A discussion in the Organic Grain Resource and Information Network (OGRAIN) email group started with a question about using row cleaners on a planter for planting cereal rye and soybeans. Several no-tillers proceeded to discuss the topic and give advice based on prior experiences. Read the full discussion below. To post to the OGRAIN listserv email discussion group, send an email to: ograin@g-groups.wisc.edu. To subscribe, send an email to ograin+subscribe@g-groups.wisc.edu .  

We planted cereal rye last fall and are going to try to plant soybean at boot stage with our 6 row planter and then crimp when the rye is at anthesis. Do you think we need row cleaners on our planter? Thanks.
-Mike Shaw, West Virginia

Response: No, we have done similar and we took them off. They will make mini round bales out of the rye if they get to wrapping!

-Scott Myers, Woodlyn Acres Farm, Dalton, Ohio

Response: I appreciate all the discussion on this, as we were just strategizing yesterday about doing an experiment trialing different coulters in the rolled rye system. I'd take the row cleaners off. In addition to use of row cleaners, I’d love to hear what folks have had success (or failures) with regarding coulters as well.

-Erin Silva, Madison, Wis.

Response: I agree. I take the row cleaners off as they wrap and leave bar dirt over the rows. Regarding coulters and seed openers – I just finished switching out the seed openers on my planter for openers from Prescription Tillage. They have a serrated edge on them and are supposed to cut through residue better than a standard disk opener. I’ll let you know how it goes!

-Dan Miller, La Crosse, Wis.

Response: What are all of you using for closing wheels? Smooth or spiked or both?

-Travis Klinkner, Romance, Wis. 

Response: I was running Dawn Curvetines but found they wrapped too much, so I switched to smooth cast iron.

-Dan Miller, La Crosse, Wis. 

Response: I run Dawn GaugeRing closing wheels, WAM Farms gauge wheels, and Dawn GFX row cleaners.

The picture below shows why I firmly believe in running a row cleaner.  If it comes through in high enough resolution to allow zooming in, note the significant difference in plant stand where the path was cleared by a row cleaner versus not.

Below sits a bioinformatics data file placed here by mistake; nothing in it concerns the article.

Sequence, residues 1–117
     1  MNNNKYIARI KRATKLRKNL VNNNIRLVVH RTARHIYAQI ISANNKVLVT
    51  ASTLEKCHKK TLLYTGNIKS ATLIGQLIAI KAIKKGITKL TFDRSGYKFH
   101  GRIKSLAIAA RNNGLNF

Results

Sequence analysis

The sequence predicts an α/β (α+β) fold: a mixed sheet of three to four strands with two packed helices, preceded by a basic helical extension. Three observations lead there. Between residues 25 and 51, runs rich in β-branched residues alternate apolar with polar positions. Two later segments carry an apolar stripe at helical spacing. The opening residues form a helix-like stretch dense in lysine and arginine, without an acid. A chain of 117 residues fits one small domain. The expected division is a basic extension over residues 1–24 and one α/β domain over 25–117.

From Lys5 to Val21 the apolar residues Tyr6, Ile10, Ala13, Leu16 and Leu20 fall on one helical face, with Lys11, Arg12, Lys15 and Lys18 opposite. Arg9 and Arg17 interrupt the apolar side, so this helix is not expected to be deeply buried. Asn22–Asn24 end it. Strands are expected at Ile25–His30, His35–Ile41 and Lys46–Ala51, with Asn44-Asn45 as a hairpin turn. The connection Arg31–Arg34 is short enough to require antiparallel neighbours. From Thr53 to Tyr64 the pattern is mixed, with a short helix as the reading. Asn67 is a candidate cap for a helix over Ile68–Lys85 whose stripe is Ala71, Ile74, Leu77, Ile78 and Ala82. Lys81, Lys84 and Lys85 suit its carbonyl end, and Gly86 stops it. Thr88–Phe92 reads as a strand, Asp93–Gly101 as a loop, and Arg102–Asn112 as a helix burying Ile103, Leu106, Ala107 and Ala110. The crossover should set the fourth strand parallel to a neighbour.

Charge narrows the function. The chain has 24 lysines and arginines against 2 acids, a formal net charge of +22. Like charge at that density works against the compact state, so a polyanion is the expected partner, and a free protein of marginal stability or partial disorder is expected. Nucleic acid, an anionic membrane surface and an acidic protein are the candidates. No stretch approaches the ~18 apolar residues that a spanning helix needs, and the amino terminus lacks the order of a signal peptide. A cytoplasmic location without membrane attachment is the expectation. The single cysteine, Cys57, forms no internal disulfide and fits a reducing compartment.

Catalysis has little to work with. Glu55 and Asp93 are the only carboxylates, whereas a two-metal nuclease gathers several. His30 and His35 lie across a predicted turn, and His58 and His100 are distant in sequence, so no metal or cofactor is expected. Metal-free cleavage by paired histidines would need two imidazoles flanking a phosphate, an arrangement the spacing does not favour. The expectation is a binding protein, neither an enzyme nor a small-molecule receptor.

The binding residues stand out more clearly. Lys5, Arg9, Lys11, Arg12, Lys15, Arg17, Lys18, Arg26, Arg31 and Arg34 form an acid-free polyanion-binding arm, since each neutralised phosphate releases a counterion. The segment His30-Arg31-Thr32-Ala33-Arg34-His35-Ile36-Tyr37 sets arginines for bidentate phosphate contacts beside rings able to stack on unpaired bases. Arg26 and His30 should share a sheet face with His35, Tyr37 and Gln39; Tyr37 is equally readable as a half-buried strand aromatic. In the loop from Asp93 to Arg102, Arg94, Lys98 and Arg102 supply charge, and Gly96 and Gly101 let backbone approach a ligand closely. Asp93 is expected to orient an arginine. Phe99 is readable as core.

-Jacob Bolson, Hubbard, Iowa

Response: Interesting discussion here--my experience running row cleaners (straight-tooth Yetter type) in standing rye has also not been pleasant (excessive wrapping). I imagine a swept-back tooth style row cleaner might avoid some of this--Jacob, could you elaborate?

Also, I've thus far avoided using a no-till coulter (wavy or straight) in standing rye for fear of "hair-pinning" rye residue into the seed trench. For those of you that use coulters--is this fear at all warranted? Does it depend on how tall the rye is?

I've also had good success using a spiked (Copperhead Ag) closing wheel in the standing rye scenario--it seems to close the trench more consistently than the smooth wheel setup.

-Wesley Rieth, Michigan

Response: If a coulter or row cleaner disturbs the soil very much, I'd say that's an invitation for weed emergence. I've had my neighbor use his no-till planter to plant my soybeans at anthesis with a coulter. He eventually removed the coulter because he felt that the coulter actually inhibited disk opener penetration. What you need is a nice warm rain after planting.

-George Naylor, Iowa

Related Content:

OGRAIN Discussion: Frost Seeding Cover Crops & Interseeding Clover into Soybeans

Precision Planting Unveils New Row Cleaner

[Podcast] Understanding Allelopathy with Cereal Rye When Planting Corn